Now the city will get $26.5 million to help set up a new water supply  system.

According to the EPA, Velsicol (formerly known as the Michigan Chemical Corporation) "produced various chemical compounds and products at its fifty-four acre main plant site in St. Louis, Michigan, such as hexabromobenzene (HBB), 1,1,1-trichloro-2,2-bis(p-chlorophenyl) ethane (DDT), polybrominated biphenyl (PBB), and tris(2,3-dibromopropyl) phosphate (tris)."

The EPA says the company produced these chemicals from 1936 until 1978.

From the Associated Press:

ST. LOUIS, Mich. — A federal judge has approved a $26.5 million settlement for a central Michigan community whose water supply was contaminated by a chemical company in the 1950s and 1960s.

U.S. District Court Judge Thomas L. Ludington in Bay City signed an order approving the deal on Thursday.

The city of St. Louis, Mich., hopes the settlement with Rosemont, Ill.-based Velsicol Chemical Co. will help pay to replace the water system that serves the area, which is contaminated with a byproduct of the pesticide DDT.

The settlement of the 2007 lawsuit was approved this week by the City Council.

The city says money for the settlement includes $20.5 million from an insurance company for Velsicol and $6 million from a trust related to a former parent company.

The EPA lists the threats and contaminants in the community:

On-site groundwater is contaminated with DDT, chlorobenzene, carbon tetrachloride, trichloroethylene (TCE), and other chlorinated compounds. On site soil samples revealed contamination with PBBs, copper, chromium, zinc, and magnesium. The sediments of the Pine River were also contaminated with similar contaminants through direct discharges from the site; however, surface waters do not show any significant impacts. Potential risks exist for people who eat contaminated fish and wildlife in the vicinity of the site.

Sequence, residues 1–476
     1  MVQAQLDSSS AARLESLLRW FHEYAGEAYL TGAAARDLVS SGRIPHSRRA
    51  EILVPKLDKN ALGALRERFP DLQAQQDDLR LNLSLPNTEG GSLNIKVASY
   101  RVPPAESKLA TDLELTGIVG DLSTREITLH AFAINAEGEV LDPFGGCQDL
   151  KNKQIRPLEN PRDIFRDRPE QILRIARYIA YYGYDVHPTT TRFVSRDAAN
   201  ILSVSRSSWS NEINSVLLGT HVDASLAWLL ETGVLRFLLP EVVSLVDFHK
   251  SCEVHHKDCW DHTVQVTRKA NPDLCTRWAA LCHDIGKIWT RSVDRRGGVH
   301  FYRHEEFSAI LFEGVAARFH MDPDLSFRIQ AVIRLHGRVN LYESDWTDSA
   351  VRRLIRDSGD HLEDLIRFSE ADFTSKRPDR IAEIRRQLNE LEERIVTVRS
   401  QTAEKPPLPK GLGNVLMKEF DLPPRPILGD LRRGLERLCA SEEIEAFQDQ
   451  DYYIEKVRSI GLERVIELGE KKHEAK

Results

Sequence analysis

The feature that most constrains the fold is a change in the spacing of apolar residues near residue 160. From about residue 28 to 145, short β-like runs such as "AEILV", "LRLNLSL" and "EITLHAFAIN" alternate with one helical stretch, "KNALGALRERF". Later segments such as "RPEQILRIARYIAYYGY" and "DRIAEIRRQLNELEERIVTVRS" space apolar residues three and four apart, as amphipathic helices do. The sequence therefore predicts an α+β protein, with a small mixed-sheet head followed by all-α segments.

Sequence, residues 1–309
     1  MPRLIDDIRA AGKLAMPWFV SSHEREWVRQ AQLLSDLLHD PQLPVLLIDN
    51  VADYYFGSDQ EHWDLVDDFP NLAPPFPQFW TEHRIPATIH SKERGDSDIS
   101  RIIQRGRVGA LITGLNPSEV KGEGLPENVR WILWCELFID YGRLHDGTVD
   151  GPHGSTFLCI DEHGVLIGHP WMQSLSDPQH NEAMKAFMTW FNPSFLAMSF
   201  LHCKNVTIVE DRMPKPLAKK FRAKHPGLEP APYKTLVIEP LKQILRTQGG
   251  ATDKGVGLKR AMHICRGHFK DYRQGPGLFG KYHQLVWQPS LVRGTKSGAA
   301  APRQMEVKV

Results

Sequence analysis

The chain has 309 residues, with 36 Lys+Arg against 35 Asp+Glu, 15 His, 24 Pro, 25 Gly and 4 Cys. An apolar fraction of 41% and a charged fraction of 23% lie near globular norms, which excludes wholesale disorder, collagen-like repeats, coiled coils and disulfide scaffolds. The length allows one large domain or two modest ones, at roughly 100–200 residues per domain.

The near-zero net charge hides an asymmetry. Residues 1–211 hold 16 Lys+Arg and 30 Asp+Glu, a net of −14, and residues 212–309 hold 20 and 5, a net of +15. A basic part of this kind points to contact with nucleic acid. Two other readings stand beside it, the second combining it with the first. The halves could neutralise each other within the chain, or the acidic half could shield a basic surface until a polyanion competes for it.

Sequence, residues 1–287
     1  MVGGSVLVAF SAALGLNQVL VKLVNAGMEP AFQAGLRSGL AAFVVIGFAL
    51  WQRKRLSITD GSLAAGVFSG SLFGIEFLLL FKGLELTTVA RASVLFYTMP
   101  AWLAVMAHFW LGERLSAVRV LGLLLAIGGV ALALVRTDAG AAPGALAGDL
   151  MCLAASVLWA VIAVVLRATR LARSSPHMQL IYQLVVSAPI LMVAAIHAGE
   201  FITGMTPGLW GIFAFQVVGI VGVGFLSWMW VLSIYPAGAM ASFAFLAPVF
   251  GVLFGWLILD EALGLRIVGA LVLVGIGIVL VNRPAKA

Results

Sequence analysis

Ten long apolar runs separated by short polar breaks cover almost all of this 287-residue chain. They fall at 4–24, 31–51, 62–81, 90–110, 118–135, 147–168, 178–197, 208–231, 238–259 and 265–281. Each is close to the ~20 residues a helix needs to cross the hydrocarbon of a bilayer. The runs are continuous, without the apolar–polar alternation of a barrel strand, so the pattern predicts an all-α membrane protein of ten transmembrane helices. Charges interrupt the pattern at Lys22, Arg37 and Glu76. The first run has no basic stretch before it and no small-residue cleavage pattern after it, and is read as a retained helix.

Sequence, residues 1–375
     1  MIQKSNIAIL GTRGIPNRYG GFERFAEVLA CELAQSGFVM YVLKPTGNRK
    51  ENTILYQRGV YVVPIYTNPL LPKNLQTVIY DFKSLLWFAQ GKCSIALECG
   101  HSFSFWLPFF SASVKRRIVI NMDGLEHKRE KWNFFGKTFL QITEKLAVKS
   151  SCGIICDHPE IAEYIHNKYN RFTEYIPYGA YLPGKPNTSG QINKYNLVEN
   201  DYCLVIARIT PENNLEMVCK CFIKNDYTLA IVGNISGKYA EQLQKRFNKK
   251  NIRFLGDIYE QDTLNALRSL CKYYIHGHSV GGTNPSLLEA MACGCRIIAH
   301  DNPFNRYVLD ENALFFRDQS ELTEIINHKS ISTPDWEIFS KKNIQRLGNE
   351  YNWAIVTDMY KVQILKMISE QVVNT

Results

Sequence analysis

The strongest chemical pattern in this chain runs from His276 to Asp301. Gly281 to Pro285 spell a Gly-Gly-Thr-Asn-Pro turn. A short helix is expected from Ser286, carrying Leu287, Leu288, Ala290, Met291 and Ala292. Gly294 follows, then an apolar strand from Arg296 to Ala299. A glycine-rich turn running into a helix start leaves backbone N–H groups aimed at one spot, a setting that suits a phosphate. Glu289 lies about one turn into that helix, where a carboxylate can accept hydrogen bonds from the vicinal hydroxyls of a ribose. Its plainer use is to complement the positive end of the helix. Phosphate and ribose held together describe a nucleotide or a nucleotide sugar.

Commentary
9:49 am
Fri April 1, 2011

Doctors with Borders

I had an interesting conversation yesterday with Joe Schwarz, one of the best-informed, multi-talented men in public life in this state. After a stint as mayor of his native Battle Creek, Schwarz spent sixteen years in the state senate, where he was immensely knowledgeable on education policy and finance.

That was, of course, back in the era before term limits. Schwarz is also one of those people whose resume could fill a box. He’s also had a career in the U.S. Navy, and as a spy in Southeast Asia during the Vietnam War. He ran for governor once and congress twice, finally winning a single term in 2004.

Schwarz’s problem was never the general election. Every time he got to one of those, he won easily. But he had trouble in  Republican primaries. He is a fiscal conservative and a military hawk, but also believes in funding education, and that abortion should be “legal, safe and rare.” Nor does he always suffer fools gladly.

By the way, I didn’t mention his day job. He is an otolaryngologist, which we civilians call an ear, nose and throat surgeon, and is still happily practicing medicine. 

That is, when he isn’t teaching at the University of Michigan’s Gerald R. Ford School of Public Policy. Schwarz understands health care issues, and I was curious about our medical school explosion.

The U of M has a medical school; Wayne State has one; Michigan State has two; Oakland University and Beaumont Hospital have started one, and Western Michigan is now starting one.

Is that too many? Will we be producing too many doctors?

That’s a good question, the good doctor told me, but not the most important one. When all these medical schools are up and running, they’ll be producing something like six hundred and ninety doctors a year, trained largely at state expense.

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Election 2012
7:00 am
Fri April 1, 2011

State Rep. Knollenberg to challenge Congressman Peters

State Representative Marty Knollenberg
Photo courtesy of www.gophouse.com

Republican state Representative Marty Knollenberg (District 41 - Troy) will run against Democratic Congressman Gary Peters in Michigan’s 9th Congressional district in 2012.

Representative Peters unseated Congressman Joe Knollenberg, Marty's father, in the November 2008 election.

As the Associated Press reports, “the younger Knollenberg said Thursday that his staff is filing candidacy papers with the Federal Election Commission. The Troy legislator says he's entering the race now so as not to fall behind the Bloomfield Township Democrat in fundraising."